5. Massey Combs, K., Aparicio, E.M., Prince, D.M., Grinnell-Davis, C., Marra, L., & Faulkner, M. (2019). Evidence-based sexual health programs for youth involved with juvenile justice and child welfare systems: Outcomes across settings. Children and Youth Services Review, 100, 64-69.
  6. Aparicio, E.M., Shpiegel, S., Grinnell-Davis, C., & King, B. (2019). “My body is strong and amazing:” Embodied experiences of pregnancy and birth among young women in foster care. Children and Youth Services Review, 98, 199-205.
  7. *+Aparicio, E.M., Rodrigues, E., Birmingham, A., & Houser, C. (2019). Dual experiences of teenage parenting and homelessness among Native Hawaiian youth: A critical interpretative phenomenological analysis. Child and Family Social Work, 24, 330-339.
  8. *+Aparicio, E.M., Phillips, D.R., Okimoto, T., Cabral, M.P., Houser, C., & Anderson, K. (2018). Youth and provider perspectives of Wahine Talk: A holistic teen pregnancy prevention program developed with and for homeless youth. Children and Youth Services Review, 93, 467-473.
  9. Aparicio, E.M., Gioia, D., & Pecukonis, E.V. (2018). “I can get through this and I will get through this”: The unfolding journey of teenage motherhood in and beyond foster care. Qualitative Social Work, 17(1), 96-114.
  10. West, A., Aparicio, E., Berlin, L., & Jones Harden, B. (2017). Home visitors’ perceptions of supplementing Early Head Start with the Attachment and Biobehavioral Catch-up Program: Implications for implementation. Infant Mental Health Journal, 38(4), 514-522.
  11. Aparicio, E.M. (2017). “I want to be better than you”: Lived experiences of intergenerational child maltreatment prevention among teenage mothers in and beyond foster care. Child and Family Social Work, 22, 607-616.
  12. Stephens, T. & Aparicio, E.M. (2017). “It’s just broken branches:” Child welfare-affected mothers’ dual experiences of insecurity and striving for resilience in the aftermath of complex trauma and familial substance abuse. Children and Youth Services Review, 37, 248-256.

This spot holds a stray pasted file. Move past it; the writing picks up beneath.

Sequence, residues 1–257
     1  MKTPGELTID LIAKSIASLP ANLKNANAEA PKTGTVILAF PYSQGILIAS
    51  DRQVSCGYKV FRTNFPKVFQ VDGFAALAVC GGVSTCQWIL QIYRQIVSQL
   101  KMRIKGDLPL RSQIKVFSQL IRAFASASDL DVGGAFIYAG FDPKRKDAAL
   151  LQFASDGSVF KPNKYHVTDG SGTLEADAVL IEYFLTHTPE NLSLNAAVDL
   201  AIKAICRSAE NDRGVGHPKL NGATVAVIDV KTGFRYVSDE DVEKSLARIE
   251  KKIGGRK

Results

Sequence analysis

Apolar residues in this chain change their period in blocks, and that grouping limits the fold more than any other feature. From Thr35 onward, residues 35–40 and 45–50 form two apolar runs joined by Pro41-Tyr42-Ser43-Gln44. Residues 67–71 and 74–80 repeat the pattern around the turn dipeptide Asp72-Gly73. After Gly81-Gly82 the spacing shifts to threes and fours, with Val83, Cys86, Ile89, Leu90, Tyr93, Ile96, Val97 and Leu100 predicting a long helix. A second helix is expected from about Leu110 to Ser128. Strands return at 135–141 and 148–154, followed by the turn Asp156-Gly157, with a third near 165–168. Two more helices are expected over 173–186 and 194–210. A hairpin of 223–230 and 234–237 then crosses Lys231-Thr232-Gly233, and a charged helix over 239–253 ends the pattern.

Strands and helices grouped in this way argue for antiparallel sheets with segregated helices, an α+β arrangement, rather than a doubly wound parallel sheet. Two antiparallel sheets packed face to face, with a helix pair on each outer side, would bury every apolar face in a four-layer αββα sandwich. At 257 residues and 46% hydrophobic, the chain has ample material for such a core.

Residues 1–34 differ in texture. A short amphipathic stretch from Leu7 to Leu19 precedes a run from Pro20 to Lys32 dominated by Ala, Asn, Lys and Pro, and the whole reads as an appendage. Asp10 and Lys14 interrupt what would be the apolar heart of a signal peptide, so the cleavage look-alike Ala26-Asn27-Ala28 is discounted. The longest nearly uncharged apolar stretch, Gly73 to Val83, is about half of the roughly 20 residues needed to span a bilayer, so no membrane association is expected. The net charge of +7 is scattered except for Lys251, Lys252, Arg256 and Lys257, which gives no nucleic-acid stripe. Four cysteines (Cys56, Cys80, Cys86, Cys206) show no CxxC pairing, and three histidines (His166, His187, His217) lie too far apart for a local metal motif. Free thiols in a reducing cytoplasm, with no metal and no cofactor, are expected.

13. Aparicio, E.M., Denmark, N., Berlin, L., & Jones Harden, B. (2016). First generation Latina mothers’ experiences of supplementing home-based Early Head Start with the Attachment and Biobehavioral Catch-up program. Infant Mental Health Journal, 37(5), 537-548.
  14. *Aparicio, E.M., Vanidestine, T., Zhou, K., & Pecukonis, E.V. (2016). Teen pregnancy in Latino communities: Young adult perspectives and experiences of sociocultural context. Families in Society, 97(1), 50-57.
  15. Aparicio, E., Pecukonis, E. V., & O’Neale, S. (2015). “The love that I was missing:” Exploring the lived experience of motherhood among teen mothers in foster care. Children and Youth Services Review, 51, 44-54.
  16. *Aparicio, E., Pecukonis, E. V., & Carper, K. (2014). Sociocultural factors of teenage pregnancy in Latino communities: Preparing social workers for culturally-responsive practice. Health and Social Work, 39(4), 238-243.
  17. Acquavita, S., Gibbons, M., Aparicio, E., & Pecukonis, E.V. (2014). Student perspectives on interprofessional education: Overcoming barriers and increasing effectiveness of interdisciplinary experiences. Journal of Allied Health, 23(2).
  18. Pecukonis, E., Doyle, O., Acquavita, S., Aparicio, E., Gibbons, M., & Vanidestine, T. (2013). Interprofessional leadership training in MCH social work. Social Work in Health Care, 52(7). doi: 10.1080/00981389.2013.792913
  19. Aparicio, E., Michalopoulos, L.M., & Unick, G.J. (2013). An examination of the psychometric properties of the vicarious trauma scale in a sample of licensed social workers. Health and Social Work, 38(4), 199-206.
  20. Bellin, M.H., Osteen, P., Zabel, T. A., Dosa, N, Aparicio, E., Braun, P., & Dicianno, B. (2013). Family satisfaction, pain, and quality of life in emerging adults with spina bifida: A longitudinal analysis. American Journal of Physical Medicine and Rehabilitation, 92(8), 641-655.
  21. Bellin, M.H., Dosa, N., Zabel, T. A., Aparicio, E., Dicianno, B., & Osteen, P. (2012). Family functioning, self-management and the trajectory of psychological symptoms in emerging adults with spina bifida. Journal of Pediatric Psychology, advance access September 12, 2012, 1-13.
  22. Michalopoulos, L.M., & Aparicio, E. (2012). Vicarious trauma in social workers: The role of trauma history, social support, and years of experience. Journal of Aggression, Maltreatment, and Trauma, 21(6), 646-664.